It’s not uncommon for novelists to include autobiographical details in their books—whether they intend to or not—but sharp-eyed readers of André Brink’s 21st novel, Philida, will quickly notice that the author has a particularly strong connection with his characters: they’re also his family.
Although most definitely a work of fiction, Philida is deeply rooted in Brink’s personal history. He first stumbled across the story that would become the basis for the novel while visiting a wine farm that had belonged to a distant relation. That relation was Cornelis, the brutal patriarch and cruel slave owner in the novel, and as Brink continued to explore the darkest moments in his family’s history, he became more and more convinced that Philida’s story was one that he had to share with the world. From this chance discovery, his Booker Prize-nominated novel was born.
In many of his previous works, Brink has explored the rampant racism that cast a shadow over South Africa for centuries. The indigenous black population, which makes up the majority of the inhabitants of the country, were systematically repressed and mistreated by the white Afrikaner minority (descended from Dutch settlers who arrived in the 16th and 17th centuries), first through the slave trade and later under the system of Apartheid. In his 1983 novel, A Chain of Voices, Brink wrote about a slave uprising that took place just a few years before the events of Philida (which features some of the same characters), but never before has he engaged with South African history on such a personal level.
The writing process was not an easy one. Funded by a grant from the late Afrikaans writer Jan Rabie, and his wife, Marjorie Wallace, Brink spent years excavating his family’s role in Philida’s tragic life. “Encountering slave history, which had fascinated me for a long time, and finding my family directly involved with it…meant one couldn’t just see it as history,” he told a British newspaper, while admitting “I don’t think I’ve ever battled so much with a book.” The battle was a deeply personal one, and the events of Philida may have forced Brink to come to directly acknowledge the underside of the past—both that of his country and of his ancestors.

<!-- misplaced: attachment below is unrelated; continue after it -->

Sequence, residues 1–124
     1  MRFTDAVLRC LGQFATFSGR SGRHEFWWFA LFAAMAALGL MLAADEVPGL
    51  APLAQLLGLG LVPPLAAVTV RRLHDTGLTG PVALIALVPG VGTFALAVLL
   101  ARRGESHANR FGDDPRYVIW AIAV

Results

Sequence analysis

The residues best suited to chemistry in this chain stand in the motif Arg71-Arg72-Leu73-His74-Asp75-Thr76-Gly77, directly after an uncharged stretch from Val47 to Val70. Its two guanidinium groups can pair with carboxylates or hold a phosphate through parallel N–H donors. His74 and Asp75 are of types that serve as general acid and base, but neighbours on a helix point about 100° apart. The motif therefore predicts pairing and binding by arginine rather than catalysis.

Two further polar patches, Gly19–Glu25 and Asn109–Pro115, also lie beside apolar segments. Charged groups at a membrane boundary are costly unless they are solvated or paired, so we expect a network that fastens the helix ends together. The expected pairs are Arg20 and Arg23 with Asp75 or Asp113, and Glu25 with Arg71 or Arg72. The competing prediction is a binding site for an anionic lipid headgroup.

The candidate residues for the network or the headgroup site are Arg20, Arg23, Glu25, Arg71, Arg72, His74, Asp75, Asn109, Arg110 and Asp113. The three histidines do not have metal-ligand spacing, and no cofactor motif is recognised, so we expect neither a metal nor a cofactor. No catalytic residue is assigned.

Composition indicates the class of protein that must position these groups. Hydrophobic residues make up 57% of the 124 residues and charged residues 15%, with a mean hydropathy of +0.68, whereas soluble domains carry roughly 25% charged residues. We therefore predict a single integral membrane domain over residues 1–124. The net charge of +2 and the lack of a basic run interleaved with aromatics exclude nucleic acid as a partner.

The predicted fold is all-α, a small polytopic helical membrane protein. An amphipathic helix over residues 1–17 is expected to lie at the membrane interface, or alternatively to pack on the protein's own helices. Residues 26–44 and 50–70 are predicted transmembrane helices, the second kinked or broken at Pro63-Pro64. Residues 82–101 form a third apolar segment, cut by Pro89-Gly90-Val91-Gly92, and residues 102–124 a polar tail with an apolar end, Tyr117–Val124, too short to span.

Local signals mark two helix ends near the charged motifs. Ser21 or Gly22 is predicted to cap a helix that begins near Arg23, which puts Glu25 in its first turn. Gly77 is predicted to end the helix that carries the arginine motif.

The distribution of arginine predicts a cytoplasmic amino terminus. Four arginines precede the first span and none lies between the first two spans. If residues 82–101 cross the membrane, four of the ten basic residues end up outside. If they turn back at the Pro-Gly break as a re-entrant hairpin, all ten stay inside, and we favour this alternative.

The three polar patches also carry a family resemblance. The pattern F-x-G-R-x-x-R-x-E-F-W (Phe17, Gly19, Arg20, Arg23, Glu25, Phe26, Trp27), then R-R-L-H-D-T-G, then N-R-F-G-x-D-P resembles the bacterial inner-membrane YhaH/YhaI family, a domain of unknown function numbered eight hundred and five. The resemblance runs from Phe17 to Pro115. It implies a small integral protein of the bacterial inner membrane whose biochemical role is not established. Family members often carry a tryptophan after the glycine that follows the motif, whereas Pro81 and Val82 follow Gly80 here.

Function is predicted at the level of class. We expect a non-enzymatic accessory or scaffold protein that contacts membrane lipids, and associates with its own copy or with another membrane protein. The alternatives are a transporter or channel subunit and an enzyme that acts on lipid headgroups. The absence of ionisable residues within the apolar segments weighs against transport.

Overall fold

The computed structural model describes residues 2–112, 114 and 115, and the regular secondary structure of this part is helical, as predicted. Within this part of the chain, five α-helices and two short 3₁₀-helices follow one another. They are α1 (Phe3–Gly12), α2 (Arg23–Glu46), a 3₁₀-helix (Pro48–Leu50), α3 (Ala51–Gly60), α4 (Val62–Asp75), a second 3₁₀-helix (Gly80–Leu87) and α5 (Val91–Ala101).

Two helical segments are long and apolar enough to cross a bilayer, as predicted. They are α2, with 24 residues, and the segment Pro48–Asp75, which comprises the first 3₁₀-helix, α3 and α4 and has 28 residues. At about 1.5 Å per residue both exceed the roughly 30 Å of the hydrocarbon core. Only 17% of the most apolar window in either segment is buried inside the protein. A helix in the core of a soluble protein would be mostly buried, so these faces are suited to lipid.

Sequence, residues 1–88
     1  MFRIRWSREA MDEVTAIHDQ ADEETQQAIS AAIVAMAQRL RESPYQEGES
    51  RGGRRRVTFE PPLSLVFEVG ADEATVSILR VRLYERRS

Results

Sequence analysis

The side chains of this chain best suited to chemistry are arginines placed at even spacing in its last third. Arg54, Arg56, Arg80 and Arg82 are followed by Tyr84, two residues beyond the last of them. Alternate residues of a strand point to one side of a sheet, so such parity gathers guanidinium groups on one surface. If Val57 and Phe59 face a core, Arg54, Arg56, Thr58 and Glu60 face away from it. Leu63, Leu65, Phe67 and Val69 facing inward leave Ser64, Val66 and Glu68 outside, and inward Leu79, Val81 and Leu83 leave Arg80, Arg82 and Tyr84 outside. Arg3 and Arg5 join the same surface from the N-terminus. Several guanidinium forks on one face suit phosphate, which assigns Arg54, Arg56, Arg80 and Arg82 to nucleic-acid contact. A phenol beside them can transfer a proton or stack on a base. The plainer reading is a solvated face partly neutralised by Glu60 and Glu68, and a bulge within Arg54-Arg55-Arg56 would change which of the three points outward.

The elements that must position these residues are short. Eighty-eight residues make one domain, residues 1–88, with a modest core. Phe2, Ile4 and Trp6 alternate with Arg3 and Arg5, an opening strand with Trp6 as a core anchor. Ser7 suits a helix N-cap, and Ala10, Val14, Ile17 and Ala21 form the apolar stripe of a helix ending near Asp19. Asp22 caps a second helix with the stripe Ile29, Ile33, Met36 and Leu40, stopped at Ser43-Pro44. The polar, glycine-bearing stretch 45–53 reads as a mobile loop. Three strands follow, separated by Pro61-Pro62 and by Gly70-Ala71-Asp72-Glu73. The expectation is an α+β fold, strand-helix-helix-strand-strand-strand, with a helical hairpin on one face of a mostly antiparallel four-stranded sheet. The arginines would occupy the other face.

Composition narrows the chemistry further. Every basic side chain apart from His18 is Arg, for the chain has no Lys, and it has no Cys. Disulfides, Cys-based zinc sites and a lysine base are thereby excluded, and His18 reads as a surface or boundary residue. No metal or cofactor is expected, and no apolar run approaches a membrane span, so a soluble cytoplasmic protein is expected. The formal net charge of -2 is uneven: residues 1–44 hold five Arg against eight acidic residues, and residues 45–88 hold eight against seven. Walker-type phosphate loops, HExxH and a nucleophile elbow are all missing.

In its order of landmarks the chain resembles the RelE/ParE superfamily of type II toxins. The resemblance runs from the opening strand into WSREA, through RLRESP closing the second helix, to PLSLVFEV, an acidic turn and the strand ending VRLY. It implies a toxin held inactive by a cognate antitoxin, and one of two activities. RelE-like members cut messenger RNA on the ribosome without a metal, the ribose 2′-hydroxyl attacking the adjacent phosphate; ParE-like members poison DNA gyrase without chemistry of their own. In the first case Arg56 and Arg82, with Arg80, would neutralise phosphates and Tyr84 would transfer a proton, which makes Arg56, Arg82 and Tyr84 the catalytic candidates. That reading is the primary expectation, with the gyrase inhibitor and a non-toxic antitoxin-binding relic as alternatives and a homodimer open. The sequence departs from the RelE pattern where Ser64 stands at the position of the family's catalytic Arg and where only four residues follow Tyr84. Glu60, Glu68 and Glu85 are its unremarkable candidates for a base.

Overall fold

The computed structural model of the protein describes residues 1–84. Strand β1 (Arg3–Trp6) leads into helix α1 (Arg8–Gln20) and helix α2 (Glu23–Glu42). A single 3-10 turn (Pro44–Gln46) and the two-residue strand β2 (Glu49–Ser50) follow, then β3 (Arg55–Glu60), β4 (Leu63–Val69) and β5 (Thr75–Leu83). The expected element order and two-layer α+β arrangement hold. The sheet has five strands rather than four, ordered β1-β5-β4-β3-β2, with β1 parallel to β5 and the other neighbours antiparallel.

In writing the novel, Brink drew extensively on historical records, many about his own family members. The bankruptcy of Cornelis’s family, for example, was carefully recorded, giving remarkable insights into life on the Cape (or Caab, as it is known to in the novel) in the 1830s. In addition, he turned to accounts of other slaves living in the region at the same time to add another dimension of realism to his story. He also says that he looked to works of fiction, including Yvette Christiansë’s 2006 novel Unconfessed.
In order to write Philida’s character, however, there was much he had to create. He notes in the Acknowledgements section of the book, “From the moment Philida is sold and almost totally disappears from recorded history, I had no choice but to rely on my imagination.” Luckily for us readers, his imagination is a vivid one, giving Philida a voice—albeit imagined—that she was denied in life.